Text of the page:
Archive for the ‘Squid-4’ Category

Project Update

June 4, 2018

If one was not following the mailing lists it might seem the Squid project has gone the way of the Dodo. In truth it is quite the opposite. The dev team and Foundation board are working so hard it has been difficult to find time for these additional updates.


So to recap the major projects going on since last update;

The largest change has been our move to git for source code repository. That has been a long road taking up a lot of time over several years. A great big thanks to the various people working on that.

Following along from that we now have github (squid-cache account) as our code repository for public access. The Squid Projects repository is no longer directly available for general access. Our code submission process has changed from accepting .patch files to github PR requests. So developers working on code changes please convert to that (I can still work with patch submissions, but it is significantly more trouble than having your own github account for submission updates/edits). Anyone who forked one of the Squid github repositories prior to the 2017 transition should fork the new repository and convert their code changes.


The new code submission process has resolved quite a few issues we had with the old submit and auditing/QA process. There are still a few quirky behaviours caused by github and our automation that cause trouble from time to time – but overall it is a big improvement on what we had before.

The largest issue we face now for QA and code development is manpower. We now have automated change tracking, content integration helping out with QA and a committer bot taking a huge load off my shoulders as maintainer. Our submission process is open and public – so anyone can read the proposals and should also be able to comment about any bugs you can see that have not already been pointed out. Anyone with an interest in the Squid code is encouraged to participate in that process.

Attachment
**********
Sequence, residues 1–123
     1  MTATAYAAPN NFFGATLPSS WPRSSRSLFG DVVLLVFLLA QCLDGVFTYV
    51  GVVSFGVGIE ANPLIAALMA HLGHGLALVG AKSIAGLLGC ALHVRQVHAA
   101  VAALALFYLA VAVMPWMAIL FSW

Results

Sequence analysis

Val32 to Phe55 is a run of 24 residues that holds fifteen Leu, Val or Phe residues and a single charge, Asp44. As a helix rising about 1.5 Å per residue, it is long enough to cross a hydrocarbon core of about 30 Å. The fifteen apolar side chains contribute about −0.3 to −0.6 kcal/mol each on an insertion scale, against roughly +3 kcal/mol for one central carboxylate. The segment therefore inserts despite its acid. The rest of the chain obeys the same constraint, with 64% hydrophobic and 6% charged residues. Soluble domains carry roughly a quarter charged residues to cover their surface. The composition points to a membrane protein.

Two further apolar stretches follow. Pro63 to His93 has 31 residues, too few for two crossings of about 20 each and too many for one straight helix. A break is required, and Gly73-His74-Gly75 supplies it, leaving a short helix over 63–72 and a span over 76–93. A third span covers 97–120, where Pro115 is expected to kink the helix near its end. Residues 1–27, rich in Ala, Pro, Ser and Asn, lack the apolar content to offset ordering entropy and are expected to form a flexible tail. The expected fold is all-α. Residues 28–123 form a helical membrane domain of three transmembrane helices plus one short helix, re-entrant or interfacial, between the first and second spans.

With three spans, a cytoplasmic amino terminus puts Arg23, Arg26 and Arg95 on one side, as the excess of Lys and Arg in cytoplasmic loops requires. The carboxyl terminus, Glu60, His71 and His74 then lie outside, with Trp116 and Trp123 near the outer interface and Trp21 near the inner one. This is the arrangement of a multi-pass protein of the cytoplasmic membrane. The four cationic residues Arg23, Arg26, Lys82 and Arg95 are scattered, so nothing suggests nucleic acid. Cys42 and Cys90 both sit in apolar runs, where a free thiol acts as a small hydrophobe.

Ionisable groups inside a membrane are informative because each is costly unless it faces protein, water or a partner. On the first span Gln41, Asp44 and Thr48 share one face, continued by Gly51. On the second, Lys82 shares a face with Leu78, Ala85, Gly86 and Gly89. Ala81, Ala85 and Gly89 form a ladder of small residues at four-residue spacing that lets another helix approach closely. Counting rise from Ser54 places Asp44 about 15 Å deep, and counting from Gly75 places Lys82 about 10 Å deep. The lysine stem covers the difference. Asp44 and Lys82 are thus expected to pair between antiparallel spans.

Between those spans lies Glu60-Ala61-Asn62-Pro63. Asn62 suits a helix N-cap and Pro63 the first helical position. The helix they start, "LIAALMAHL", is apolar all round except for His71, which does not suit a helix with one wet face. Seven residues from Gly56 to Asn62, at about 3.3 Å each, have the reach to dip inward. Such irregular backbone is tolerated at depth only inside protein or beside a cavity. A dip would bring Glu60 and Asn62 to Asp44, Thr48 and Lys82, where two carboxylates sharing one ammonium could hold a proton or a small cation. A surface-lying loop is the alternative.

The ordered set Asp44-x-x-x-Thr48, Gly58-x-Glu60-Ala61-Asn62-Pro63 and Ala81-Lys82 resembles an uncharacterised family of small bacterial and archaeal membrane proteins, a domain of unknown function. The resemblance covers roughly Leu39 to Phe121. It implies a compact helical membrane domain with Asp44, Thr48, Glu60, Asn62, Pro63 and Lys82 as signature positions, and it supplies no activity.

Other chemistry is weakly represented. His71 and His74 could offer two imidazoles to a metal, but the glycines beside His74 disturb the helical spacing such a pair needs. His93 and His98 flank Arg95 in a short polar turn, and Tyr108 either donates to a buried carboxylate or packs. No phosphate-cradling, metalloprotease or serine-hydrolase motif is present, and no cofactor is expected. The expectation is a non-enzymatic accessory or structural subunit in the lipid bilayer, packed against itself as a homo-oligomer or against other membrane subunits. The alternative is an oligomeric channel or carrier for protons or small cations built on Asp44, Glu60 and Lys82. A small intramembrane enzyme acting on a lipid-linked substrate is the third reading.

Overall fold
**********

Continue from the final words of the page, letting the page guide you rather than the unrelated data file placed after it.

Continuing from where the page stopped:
In the shadow of all those very time consuming alterations to the Squid Project systems the dev team has also managed to iron out several of the major bugs blocking Squid-4 release. Just one of the long-standing bugs remain. A few regressions in recent code have brought up some new major bugs, but those are for the most part already fixed or soon will be. So watch this space for news on further progress there.


Whats going on with Squid 4

July 1, 2016

Those that have been paying attention will have noticed that Squid-4 beta cycle has been going on for a very, very long time. A whole year now in fact. There are several reasons for this.

* The ecosystem that Squid is deployed into has a somewhat mixed situation in regards to C++11.

Even 5 years after it was standardized compiler support is still not readily available in some popular OS distributions. In particular there are a large number of people clinging to the outdated but still supported RHEL 6 and its derived family of OS which do not easily provide recent versions of GCC. So we are procrastinating on the deprecation of Squid-3.5 to give more people a chance to move on. The clock is ticking though.

* We had a lack of early adopters testing the early versions of Squid-4.

So bugs that only show up in real usage have been very slow to be found. We don’t make a new version start its beta cycle until the developers are reasonably sure that its stable enough to be used. The beta process is supposed to be just a confirmaton of that. Indeed a year ago 4.x looked like it had no bugs at all. Which is kind of suspicious, but not impossible. As the betas progressed though the bug reports started rolling in. It is somewhat a testament to how our modern build systems are catching out minor and trivial bugs that these tester reported issues have largely all been difficult to resolve.

* We are experimenting with a new management process for Squid releases.

Previously Squid-5 would have been branched for development and Squid-4 starting to stagnate, er, become “stable”. This time though we have delayed the branching and instead kept Squid-4 as main development branch for minor changes while the beta cycle goes on. That has made it a little more volatile than most of the Squid-3 series betas.

All up, we are down to the last few major bugs to be resolved in the new code. Progress on those is slow but steady. So Squid-4 production “stable” release should be not to far ahead on the calendar.